Thursday, March 31

Seven Mental Toughness Strategies How Parents Can Assist Their College Grads With Employability

 Seven Mental Toughness Strategies  How Parents Can Assist Their College Grads With Employability

Are you a frustrated parent, who worries if your child will ever land a good job? Many of today’s college students lack the mental toughness and fortitude that are necessary to deal with economic turbulence. Today’s youth must learn how to be mentally tough if they are to survive a turbulent economic future. In reality, many parents have crippled their children by solving their problems for them and shielding them from making difficult decisions.

This reality can be seen in viewing  ‘helicopter parents’ who micromanage their children’s affairs from infancy to adulthood. This has resulted in an increasing ‘Boomerang Generation’ of young people who move back home and must depend on their parents for financial survival. In fact, it is a no-brainer for college students to stay in college as long as possible to that it can be paid by parents.

My co-author William Bailey and I wrote our latest book, Job Strategies for the 21st Century: How to Assist Today’s College Students during Economic Turbulence. It was especially designed for frustrated parents, anxious students, bewildered professors and educators, and those who deeply care for college graduates. Through our research, we have found that there is a huge disconnect between what organizations are looking for in potential employees, and what today’s graduates are providing. This article describes ways in which today’s parents can infuse their children with mental toughness.

In this financial crisis, college grads need to be mentally tough. It is easy to see how individuals can be discouraged with the current economic recession. According to the U.S. Labor department, only 47.6% of people age 16 to 24 had jobs in August. This is the lowest percentage since the government began tracking this statistic in 1948. Yet, college grads must have the determination to overcome any crisis in life. In fact, they need to be mentally tough.

Mental toughness can be defined as the character attribute that allows an individual to stay in control while confronting adversity and navigating obstacles in life. Athletics is one area where we can easy see how trials can make someone stronger. Mental toughness provides the individual with the determination to press on. This trait can be seen scripturally in Corinthian 4:8, 9: “We are hard pressed on every side, but not crushed; perplexed, but not in despair; 9persecuted, but not abandoned; struck down, but not destroyed.”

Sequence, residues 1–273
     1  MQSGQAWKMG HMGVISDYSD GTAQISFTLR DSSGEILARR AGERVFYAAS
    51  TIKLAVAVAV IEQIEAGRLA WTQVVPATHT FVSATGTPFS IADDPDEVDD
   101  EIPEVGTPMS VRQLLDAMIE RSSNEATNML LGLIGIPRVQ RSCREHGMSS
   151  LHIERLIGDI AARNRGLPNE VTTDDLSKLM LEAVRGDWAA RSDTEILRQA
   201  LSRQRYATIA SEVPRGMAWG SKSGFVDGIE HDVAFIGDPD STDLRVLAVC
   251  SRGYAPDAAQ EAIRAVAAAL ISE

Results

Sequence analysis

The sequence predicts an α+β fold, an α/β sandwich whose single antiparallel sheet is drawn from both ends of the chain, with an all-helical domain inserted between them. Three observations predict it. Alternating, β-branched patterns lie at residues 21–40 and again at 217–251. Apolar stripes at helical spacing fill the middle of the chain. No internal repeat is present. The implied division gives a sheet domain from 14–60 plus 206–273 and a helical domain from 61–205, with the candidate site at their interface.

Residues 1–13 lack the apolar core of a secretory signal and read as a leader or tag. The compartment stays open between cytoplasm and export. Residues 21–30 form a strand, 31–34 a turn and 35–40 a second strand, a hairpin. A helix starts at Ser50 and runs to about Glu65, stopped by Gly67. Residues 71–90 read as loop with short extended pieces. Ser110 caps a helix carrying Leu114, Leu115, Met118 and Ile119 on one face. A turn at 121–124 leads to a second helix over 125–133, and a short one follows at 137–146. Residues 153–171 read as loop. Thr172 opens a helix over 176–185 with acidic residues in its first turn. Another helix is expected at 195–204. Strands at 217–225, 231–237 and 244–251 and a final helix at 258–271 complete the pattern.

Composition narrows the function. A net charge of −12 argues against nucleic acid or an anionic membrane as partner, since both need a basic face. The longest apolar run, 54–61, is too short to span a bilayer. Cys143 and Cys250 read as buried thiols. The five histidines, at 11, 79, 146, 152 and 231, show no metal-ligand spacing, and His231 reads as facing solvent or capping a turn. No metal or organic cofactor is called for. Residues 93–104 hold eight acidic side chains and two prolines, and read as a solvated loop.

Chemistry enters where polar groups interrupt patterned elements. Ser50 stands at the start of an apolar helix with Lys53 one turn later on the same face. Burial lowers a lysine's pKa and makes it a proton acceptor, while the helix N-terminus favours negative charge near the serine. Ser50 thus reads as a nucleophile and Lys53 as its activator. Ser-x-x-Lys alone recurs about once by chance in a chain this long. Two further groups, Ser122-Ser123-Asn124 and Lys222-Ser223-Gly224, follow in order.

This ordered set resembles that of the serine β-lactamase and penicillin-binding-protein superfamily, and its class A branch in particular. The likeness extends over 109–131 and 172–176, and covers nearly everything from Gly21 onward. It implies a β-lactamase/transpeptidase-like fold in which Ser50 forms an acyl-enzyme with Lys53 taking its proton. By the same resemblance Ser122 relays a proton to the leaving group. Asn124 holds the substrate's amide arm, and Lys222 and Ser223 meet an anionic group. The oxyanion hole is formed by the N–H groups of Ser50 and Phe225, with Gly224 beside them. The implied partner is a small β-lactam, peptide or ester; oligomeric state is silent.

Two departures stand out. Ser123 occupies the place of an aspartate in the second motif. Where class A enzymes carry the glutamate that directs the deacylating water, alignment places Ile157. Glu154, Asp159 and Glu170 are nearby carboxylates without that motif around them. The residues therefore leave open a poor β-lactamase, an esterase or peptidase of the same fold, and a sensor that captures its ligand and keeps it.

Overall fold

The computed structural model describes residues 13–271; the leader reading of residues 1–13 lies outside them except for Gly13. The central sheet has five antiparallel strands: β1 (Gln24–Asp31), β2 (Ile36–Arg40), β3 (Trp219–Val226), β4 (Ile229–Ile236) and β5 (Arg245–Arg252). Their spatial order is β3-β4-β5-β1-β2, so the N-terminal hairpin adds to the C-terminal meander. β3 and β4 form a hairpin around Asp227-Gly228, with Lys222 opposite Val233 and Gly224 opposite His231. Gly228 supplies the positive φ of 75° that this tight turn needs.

Generally speaking, many young people look for the easy way out of situations. Eric Thomas, a Michigan State University administrator and motivator speaker, speaks to the revelation when talking with young people. “The problem is you have never felt pain before. You’re soft. This is a soft generation. You quit on everything.”

Fortunately, mental toughness can be developed. Today’s parents can infuse mental toughness in their college students before they graduate in the following ways: (a) build a positive relationship with your children, (b) allow them to work through their own problems, (c) learn how to listen without offering any advice, (d) ask probing questions, ones that stimulate them to find creative solutions, (e) be honest and critical of their situation without being negative, and (f) encourage them to be around positive people. In most cases, it is a lot easier for parents to solve their children’s problems. Yet, it is a critical mistake over the long-term.

Today’s college students find the employment outlook full of gloom. Many experts note that a different career strategy will be needed during this economic crisis. Sadly, many young people do not know how to deal with adversity. Furthermore, numerous parents shield their children from difficult situations. That is a fatal mistake. Today’s parents can plant the seed for success in their children’s minds by assisting in the development of mental toughness. Unfortunately, this economic crisis is not going away anytime soon. If college students can become more resilient in this crisis, they will ensure themselves of a better future. Let’s pray that it is not too late.

About Dr. Daryl Green
Dr. Daryl Green
provides motivation, guidance, and training for leaders. He has been noted and quoted by USA Today, Ebony Magazine, and Associated Press. For media interviews or speaking engagements, please contact Mrs. Donna Gilliard at 865-216-9209 or 823donna@comcast.net  or visit Dr. Green at www.darylgreen.org.